Carter Brown’s The Mini-Murders: Homophobia, The Male Gaze, and the Police State

 

Carter brown the mini murders

Brown’s novels were perhaps most famous for their titillating illustrative covers.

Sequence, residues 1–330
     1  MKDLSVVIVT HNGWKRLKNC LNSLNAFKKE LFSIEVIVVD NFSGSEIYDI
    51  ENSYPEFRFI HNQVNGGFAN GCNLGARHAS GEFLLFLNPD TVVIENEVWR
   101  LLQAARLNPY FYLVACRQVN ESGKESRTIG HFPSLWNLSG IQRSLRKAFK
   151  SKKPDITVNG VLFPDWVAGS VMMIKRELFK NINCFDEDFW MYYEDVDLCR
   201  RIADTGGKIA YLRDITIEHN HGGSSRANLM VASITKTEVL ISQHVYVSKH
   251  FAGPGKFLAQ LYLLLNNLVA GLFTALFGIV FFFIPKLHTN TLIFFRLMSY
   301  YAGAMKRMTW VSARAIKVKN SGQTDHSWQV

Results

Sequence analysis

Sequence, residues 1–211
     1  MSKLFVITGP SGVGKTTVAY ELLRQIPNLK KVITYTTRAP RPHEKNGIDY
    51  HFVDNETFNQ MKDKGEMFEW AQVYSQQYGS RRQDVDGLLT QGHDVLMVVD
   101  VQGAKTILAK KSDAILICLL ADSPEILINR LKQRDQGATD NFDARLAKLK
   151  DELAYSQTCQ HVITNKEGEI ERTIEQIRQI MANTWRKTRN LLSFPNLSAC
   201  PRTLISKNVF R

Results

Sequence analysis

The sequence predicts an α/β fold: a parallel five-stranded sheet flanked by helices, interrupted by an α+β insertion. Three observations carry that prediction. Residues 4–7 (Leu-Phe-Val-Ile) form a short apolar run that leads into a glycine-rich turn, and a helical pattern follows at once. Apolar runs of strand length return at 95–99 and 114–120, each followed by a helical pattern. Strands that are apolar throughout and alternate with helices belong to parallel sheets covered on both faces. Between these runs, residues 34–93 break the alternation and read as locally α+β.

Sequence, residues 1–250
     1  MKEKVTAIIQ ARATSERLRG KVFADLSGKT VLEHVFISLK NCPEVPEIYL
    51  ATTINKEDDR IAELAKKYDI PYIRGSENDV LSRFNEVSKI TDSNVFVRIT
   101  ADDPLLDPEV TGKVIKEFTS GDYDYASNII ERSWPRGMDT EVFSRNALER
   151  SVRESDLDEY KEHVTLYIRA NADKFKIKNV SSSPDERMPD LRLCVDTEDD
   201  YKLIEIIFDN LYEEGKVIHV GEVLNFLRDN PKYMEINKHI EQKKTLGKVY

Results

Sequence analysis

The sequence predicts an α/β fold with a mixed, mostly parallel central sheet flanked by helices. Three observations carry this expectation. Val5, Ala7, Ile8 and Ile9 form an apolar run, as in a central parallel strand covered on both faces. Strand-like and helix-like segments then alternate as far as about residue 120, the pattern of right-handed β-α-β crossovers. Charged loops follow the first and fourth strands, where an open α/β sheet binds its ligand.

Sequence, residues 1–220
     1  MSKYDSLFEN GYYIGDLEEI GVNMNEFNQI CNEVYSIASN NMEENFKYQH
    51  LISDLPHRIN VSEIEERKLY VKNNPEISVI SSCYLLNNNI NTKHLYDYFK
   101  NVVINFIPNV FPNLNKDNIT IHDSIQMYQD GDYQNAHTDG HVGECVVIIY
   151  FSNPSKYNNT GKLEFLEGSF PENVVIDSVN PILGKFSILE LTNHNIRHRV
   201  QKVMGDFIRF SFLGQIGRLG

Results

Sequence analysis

When browsing through the covers of pulp-era detective novels, especially those by Carter Brown, it’s difficult to see the hypersexualized covers and believe that any of them could be ‘progressive’ outside of a hedonistic libertarian angle, and when one reads the pages there within, and gets a glimpses at the androcentric, heteronormative, and chauvinistic narratives, that sometimes cross the line into homophobia, it’s seems doubtful that such novels could be relevant to contemporary conversations concerning either gay rights or the wealth gap. The Mini-Murders, however, one of Carter Brown’s famous Danny Boyd novels, may do exactly that.  When a murder takes place, most of the novel’s cast feel as if jealousy stemming from sexual deviancies is the motive for the crime, and demonstrate a distracting preoccupation with one particular character because he happens to be homosexual, all the while the true murderer, a representative of big business, nearly get away with the murder.  The plot offers a parallel to contemporary American politics where conservatives are so busy trying to invigorate their base by arguing for archaic restrictions on marriage, that none of its conservative working-class voters realize their true agenda is to increase the wage gap by catering to big business.  The novel, though its characters are overtly homophobic, takes a descriptive approach and illustrates how puritan morals can serve to blind those who adopt them, preventing them from seeing the sin that is actually corrupting society: greed.